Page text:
Pandemic Affected Mental Health of PWS Patients, German Survey Finds

Marta Figueiredo, PhD avatar

by Marta Figueiredo, PhD |

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COVID-19 pandemic, mental health

The COVID-19 pandemic greatly affected the mental health of people with Prader-Willi syndrome (PWS), with worsening of behavioral symptoms such as irritability, temper outbursts, and food‐seeking behaviour, according to results of an online survey conducted by researchers in Germany.

These findings are consistent with those of the Foundation for Prader-Willi Research’s “Impact of COVID” survey, which highlighted the negative impact of the pandemic on PWS patients and their families in the U.S. and the U.K.

The German survey also found that patients living in specialized care facilities appeared to be less vulnerable to the pandemic’s damaging effects than those living in their family home, highlighting the pronounced need for help for these families, the researchers said.

The study, “Behavioural change in Prader–Willi syndrome during COVID‐19 pandemic,” was published in the Journal of Intellectual Disability Research and conducted by researchers at Medical School Hannover, in Germany.

PWS can result in insatiable appetite, temper outbursts, obsessive-compulsive activities such as skin picking, intellectual disability, sleep disturbances, emotional and social difficulties, and resistance to changes in activities or routines.

“Above all, a structured environment seems essential for the well‐being of people with PWS,” the investigators wrote, adding that this stable environment is likely “disturbed by the effects of national responses to the COVID‐19 pandemic.”

To assess the impact of the pandemic on PWS patients’ mental health, the team conducted an online, caregiver-directed survey. It included questions about sociodemographic information — age, sex, body mass index (a measure of body fat), and type of accommodation — COVID-19-related data (test results, effect of restrictions in care and daytime activity), and changes in behavioral symptoms during the pandemic.

A total of 108 caregivers, with a mean age of 50.7 years (range from 24–79 years), completed the questionnaire. Most were women (78.7%) and a parent of the PWS patient (98.1%).

For the analysis of behavioral changes, assessed with a five-level scale, the team included data only from the 89 patients who were 6 years and older, as such changes may be difficult to assess in younger children. More than half of them were males (51.7%) and the mean age was 21.3 years (range from 6–56 years).

Results showed that 21.3% of the patients were tested for COVID-19, with three (2.8%) testing positive. Most caregivers reported pandemic-related restrictions in care (67.3%) and daily activities (82.4%) for these patients.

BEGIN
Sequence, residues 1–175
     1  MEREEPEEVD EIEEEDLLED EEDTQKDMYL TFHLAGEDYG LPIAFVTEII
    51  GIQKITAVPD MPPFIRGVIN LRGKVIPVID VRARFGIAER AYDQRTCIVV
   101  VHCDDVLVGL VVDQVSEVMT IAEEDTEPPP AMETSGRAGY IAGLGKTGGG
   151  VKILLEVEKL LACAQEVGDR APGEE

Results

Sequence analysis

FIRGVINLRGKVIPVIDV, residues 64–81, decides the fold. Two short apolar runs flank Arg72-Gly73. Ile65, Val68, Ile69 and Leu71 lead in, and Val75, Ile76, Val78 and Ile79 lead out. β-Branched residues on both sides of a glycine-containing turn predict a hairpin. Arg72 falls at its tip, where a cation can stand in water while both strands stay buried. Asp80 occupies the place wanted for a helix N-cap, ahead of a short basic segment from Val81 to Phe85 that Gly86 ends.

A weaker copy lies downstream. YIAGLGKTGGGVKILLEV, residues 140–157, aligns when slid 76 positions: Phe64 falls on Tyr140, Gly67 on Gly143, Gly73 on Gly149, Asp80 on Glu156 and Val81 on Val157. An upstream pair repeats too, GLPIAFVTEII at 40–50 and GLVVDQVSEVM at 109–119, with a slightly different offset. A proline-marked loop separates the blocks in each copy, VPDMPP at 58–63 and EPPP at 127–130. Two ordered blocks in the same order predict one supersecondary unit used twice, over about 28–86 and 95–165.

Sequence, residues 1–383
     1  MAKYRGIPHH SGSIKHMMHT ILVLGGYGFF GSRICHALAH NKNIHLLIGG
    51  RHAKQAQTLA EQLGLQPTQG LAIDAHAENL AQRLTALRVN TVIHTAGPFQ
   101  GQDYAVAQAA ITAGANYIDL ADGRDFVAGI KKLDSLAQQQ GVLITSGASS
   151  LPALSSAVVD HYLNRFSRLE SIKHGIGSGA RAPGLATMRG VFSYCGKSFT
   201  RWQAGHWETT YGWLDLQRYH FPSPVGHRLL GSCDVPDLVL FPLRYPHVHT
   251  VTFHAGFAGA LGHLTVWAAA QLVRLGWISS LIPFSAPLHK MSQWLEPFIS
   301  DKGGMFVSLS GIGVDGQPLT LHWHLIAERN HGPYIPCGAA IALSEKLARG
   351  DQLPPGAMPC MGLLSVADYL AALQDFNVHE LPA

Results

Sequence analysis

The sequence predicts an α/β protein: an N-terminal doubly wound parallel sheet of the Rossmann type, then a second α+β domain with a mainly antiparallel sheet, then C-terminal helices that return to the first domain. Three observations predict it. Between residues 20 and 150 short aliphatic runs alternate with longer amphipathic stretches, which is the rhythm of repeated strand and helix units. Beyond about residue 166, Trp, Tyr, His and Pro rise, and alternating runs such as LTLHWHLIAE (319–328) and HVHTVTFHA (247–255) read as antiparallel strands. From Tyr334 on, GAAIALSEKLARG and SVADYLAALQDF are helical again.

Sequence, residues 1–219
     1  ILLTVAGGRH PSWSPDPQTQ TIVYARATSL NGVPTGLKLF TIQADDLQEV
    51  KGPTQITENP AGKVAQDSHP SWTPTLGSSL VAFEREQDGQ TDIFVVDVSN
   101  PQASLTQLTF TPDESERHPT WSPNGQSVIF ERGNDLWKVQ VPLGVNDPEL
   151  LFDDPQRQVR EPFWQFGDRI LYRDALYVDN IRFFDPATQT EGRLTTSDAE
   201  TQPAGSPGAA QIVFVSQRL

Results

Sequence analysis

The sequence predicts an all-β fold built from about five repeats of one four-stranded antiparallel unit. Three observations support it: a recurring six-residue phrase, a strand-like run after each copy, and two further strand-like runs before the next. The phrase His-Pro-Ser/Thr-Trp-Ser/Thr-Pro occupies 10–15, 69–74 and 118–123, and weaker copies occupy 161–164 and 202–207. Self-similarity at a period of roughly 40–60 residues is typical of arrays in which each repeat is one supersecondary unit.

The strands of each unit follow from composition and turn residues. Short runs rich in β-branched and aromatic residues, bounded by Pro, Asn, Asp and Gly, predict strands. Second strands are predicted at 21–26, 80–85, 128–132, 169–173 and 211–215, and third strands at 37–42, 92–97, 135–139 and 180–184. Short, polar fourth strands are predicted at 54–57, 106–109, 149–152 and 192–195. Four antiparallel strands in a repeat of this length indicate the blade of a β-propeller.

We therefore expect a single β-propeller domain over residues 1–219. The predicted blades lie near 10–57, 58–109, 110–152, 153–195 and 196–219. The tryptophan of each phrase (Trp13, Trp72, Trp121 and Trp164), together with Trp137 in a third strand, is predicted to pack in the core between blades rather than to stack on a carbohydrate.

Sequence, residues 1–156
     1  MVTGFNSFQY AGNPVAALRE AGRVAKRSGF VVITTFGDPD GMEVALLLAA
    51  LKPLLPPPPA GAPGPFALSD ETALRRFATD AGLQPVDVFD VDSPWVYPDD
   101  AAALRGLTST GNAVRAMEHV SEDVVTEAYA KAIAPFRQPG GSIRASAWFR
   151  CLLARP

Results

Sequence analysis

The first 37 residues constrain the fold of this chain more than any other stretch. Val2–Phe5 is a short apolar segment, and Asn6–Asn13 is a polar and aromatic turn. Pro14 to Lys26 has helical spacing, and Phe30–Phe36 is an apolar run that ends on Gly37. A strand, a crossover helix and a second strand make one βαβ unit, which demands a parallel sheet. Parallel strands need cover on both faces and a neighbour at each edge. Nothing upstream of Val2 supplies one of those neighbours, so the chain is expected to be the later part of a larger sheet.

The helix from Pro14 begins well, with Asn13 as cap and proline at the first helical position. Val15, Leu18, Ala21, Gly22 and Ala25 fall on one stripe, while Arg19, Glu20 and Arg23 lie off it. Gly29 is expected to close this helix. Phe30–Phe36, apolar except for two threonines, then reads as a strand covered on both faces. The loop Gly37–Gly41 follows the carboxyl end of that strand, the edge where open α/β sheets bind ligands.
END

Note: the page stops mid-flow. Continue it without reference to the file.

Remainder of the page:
Most respondents also stated that PWS patients were concerned about the pandemic and its consequences (85.4%), as well as their own health (58%), and were generally able to implement government measures, such as wearing mouth and nose protection or following social distancing rules (77.7%).

Caregivers frequently reported worsening of behavioral symptoms in patients during the lockdown, with the most common being irritability (55%), temper outbursts (51.7%), skin picking (50.6%), conflicts with other people (46.1%), and sadness (43.8%).

More than one-third of patients were also reported to show more daytime sleepiness (40.4%), food-seeking behavior (39.3%), anxiousness (38.2%), and social withdrawal (33.7%).

Psychosis, in which people lose contact with reality, and suicidal thoughts did not change in most cases.

The team then investigated whether symptom worsening was different between patients living in a specialist care facility and those living with their families. Since the youngest patient in a care center was 14 years old, the analysis was limited to the 53 participants of that age or older: 28 lived in their family home (mean age 20.8) and 25 in a specialist care facility (mean age 30.8).

Data showed that worsening in food-seeking behavior and irritability were significantly more common among patients living in their family home than among those in a care center.

An increase in other behavioral symptoms was also less commonly reported for patients in care facilities, but these group differences did not reach statistical significance.

“Our data may suggest that PWS living at home with their families are more vulnerable to the effects of the [COVID-19] pandemic than those living in specialist facilities,” the researchers wrote, adding that “the structured environment in these facilities may have helped people with PWS better overcome the effects of the pandemic.”

“Families providing care to their child with PWS may benefit from additional professional support during such difficult times,” they wrote.

The team noted, however, the results may have been influenced by the 10-year age difference between the two groups and the fact that caregivers in care centers may not have had daily contact with patients to report symptom changes accurately. As such, more studies are needed to confirm these findings.

“The COVID‐19 pandemic has had a significant effect on the mental health of individuals with PWS, evidenced by an increase in behaviors associated with PWS, including temper outbursts, food‐seeking, and irritability, which again underlines their need for specialized care,” the researchers concluded.